Bookending History

From the fateful year of 1968 to the imagined date of 2007, two films seen at TIFF frame what has become the American Nightmare.

They are Bobby, scheduled for general release in November and Death of an American President which was snapped up for distribution at the festival.

Estevez scores with film about Kennedy killing


Bobby’s star studded cast

In between these bookends of time, the one real, the other imagined, the world has felt the impact of American geopolitics and remains menaced by the threat of weapons of mass destruction. Bobby points clearly to the might-have-been had Senator Robert F. Kennedy’s rise not been stopped short by an assasin’s bullet.

Directed with force and imagination by Emilio Estevez the film needs no Kennedy impersonator. He is seen throughout in newsreel clips on the fateful June 4 in 1968, when a California primary is being held with his focus on ending the Viet Nam War, and carrying on Martin Luther King’s struggle for human rights, halted earlier that year with his murder.

Bobby is an ensemble film with a star-studded cast, handled with aplomb by Estevez in a manner that equals Robert Altman’s best works.

The action takes place in Los Angeles’ Ambassdor Hotel. Bobby Kennedy is to speak there and his scheduled appearance affects many lives, from the retired doorman (Anthony Hopkins) who just can’t stay away from the hotel lobby and plays chess there with another retired staffer (Harry Belafonte) to the alcoholic cabaret singer (Demi Moore) and her husband, Estevez himself. His father, activist-actor Martin Sheen plays a bored, wealthy retiree, at the hotel with his wife (Helen Hunt).

Willam H. Macy is the efficient but anxious hotel manager who puts down racism in the kitchen by firing its manager (Christian Slater) who has a hate on for a Latino busboy; at the same tme, he’s cheating on his wife(Sharon Stone) with a switchboard operator.

Add Laurence Fishburne as a philosphical head chef, and you have a star-studded cast that Estevez, happily, never permits to intrude on the main theme: the idealistic “might-have been,” to be eternally regretted since Bobby Kennedy’s death opened the door for the reign of the crooked Nixon with more horrors to come in the persons of Reagan and the Bushes.

Freddy Rodigruez as the busboy gives a performance that stands up alongside the seasoned cast Estevez has assembled. He’s already being spoken of as an Oscar nomineee for male supporting performance.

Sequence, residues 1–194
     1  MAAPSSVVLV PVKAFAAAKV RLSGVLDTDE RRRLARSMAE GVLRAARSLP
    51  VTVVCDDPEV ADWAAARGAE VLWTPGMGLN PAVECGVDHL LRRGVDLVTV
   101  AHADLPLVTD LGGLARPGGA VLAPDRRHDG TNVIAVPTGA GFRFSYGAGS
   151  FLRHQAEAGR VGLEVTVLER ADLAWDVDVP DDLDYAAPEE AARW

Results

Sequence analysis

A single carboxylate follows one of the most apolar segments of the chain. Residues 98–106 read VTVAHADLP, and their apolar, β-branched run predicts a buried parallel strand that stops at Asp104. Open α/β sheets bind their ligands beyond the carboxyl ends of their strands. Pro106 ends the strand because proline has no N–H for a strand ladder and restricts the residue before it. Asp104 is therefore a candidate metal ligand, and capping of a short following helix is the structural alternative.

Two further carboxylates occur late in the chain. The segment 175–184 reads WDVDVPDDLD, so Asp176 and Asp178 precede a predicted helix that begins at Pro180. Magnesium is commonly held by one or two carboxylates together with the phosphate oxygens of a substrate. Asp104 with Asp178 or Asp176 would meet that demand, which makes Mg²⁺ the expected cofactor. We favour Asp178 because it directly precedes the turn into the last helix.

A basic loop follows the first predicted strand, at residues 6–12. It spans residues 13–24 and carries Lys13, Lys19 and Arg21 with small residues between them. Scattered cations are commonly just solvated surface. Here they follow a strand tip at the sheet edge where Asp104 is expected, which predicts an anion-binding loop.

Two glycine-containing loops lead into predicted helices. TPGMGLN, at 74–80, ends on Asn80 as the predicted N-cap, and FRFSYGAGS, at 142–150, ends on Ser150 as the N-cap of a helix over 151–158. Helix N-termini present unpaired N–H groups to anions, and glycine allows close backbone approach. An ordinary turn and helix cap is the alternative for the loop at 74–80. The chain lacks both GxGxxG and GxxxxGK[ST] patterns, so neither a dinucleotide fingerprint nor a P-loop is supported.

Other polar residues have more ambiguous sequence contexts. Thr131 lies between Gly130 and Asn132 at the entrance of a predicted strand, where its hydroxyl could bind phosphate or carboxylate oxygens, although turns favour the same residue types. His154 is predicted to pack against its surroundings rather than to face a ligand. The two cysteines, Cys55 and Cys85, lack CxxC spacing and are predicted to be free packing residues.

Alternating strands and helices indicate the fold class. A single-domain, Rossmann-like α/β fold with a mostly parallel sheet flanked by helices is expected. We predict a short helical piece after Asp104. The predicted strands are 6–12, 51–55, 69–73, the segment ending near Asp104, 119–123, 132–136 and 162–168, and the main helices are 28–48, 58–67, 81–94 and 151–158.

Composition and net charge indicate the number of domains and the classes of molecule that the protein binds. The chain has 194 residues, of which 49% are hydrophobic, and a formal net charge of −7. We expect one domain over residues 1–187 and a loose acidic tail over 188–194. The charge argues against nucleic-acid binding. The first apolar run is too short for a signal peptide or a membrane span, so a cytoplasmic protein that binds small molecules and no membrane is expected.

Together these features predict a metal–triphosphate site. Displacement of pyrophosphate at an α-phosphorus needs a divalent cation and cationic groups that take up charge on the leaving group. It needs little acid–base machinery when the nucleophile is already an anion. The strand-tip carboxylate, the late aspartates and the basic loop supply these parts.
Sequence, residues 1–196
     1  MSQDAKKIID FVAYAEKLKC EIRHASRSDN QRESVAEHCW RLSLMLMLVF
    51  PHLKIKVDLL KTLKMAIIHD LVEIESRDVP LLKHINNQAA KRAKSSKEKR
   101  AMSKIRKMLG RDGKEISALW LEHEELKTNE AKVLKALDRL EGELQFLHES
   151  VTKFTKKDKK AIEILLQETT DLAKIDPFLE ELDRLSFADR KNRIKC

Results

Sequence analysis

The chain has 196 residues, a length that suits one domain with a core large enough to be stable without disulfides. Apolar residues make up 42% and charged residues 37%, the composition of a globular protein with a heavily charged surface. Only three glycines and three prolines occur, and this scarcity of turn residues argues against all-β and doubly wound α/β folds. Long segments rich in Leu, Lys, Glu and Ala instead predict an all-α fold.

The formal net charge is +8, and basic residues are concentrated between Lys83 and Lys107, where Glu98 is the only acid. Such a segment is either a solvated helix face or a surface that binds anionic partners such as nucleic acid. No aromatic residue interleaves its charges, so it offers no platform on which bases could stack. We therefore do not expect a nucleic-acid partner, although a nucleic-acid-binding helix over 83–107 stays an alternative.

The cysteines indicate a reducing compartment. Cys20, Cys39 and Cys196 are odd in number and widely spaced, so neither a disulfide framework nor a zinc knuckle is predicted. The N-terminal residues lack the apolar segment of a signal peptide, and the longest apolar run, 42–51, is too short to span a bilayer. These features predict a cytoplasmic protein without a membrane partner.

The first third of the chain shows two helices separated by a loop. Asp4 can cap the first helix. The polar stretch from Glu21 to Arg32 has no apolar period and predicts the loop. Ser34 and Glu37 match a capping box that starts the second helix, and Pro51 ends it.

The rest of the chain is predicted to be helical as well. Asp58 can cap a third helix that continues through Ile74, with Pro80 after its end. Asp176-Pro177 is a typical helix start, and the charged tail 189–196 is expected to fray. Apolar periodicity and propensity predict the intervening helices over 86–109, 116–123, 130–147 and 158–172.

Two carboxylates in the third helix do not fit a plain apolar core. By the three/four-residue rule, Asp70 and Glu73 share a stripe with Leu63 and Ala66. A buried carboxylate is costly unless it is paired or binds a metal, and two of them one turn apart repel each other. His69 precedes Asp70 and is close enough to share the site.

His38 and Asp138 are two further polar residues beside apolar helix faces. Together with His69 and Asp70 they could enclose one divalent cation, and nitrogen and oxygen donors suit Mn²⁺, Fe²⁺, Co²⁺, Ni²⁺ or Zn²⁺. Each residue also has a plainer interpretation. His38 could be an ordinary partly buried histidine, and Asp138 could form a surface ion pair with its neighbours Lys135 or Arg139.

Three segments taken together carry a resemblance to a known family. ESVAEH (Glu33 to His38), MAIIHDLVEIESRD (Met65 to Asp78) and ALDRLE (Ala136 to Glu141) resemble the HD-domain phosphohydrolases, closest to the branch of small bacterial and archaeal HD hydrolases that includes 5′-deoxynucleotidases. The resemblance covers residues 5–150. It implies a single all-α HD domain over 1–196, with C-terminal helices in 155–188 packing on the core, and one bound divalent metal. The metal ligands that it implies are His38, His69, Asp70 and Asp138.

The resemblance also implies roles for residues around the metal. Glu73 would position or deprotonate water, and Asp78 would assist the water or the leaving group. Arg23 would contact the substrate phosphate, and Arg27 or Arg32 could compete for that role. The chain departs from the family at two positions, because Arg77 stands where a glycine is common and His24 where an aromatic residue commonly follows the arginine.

I found myself so absorbed in this film that I was wishing Bobby Kennedy woud walk away from the Ambassador. The might-have-been Estevez has shown us makes it all the more difficult to take what followed —- from Tricky Dick to Devious Dubya.


Time was when producers and directors kept themselves distant from portraying living celebrity characters as themselves. Now we get Helen Mirren as the living Queen Elisabeth, Nanni Moretti’s film showing images of the real Berlusconi and in Death of an American President the real George W. Bush both alive and dead!

Preceded by much advance publicity, (D.O.A.P as it’s become known) is nothing less tham a tour de force for British director Gabriel Range and editor Brad Thumim.

Where for Bobby, Estevez had to rely on grainy arcival news footage, Range has at his disposal tehnically perfect Bush clips of recent vintage which make way for a seamless production.

D.O.A.P. is a simulated documentary, made following George W. Bush’s assasination in 2007 just after he has addressed a gathering in Chicago

Ingenious editing between reality and staged scenes gives the film an appearance of authenticity, terrifying in its implications. The murder brings about a dictatorship under Bush’s successor, Dick Cheney as the hunt for the assassin proceeds and racial profiling muddies the solution. Genuine news shots of protesting crowds and Bush’s speeches blend seamlessly in editor Thumim’s hands.

Far from providing a kick to domestic Bush haters, D.O.A.P is a stern warning to all those impatient to see the end of Bush’s reign. Moral: assassination is not only an indefensible act: it’s a madman’s game. Advice: Work for change in the nature of the presidency; Bush has only two more years to go.

Winner of the International Critics’ Award at TIFF. D.O.A.P has already been picked up for distribution in North America and one wonders at the public reacton it will cause and whether its subject matter will decide on major chains booking it only in selected locations safe from protests.

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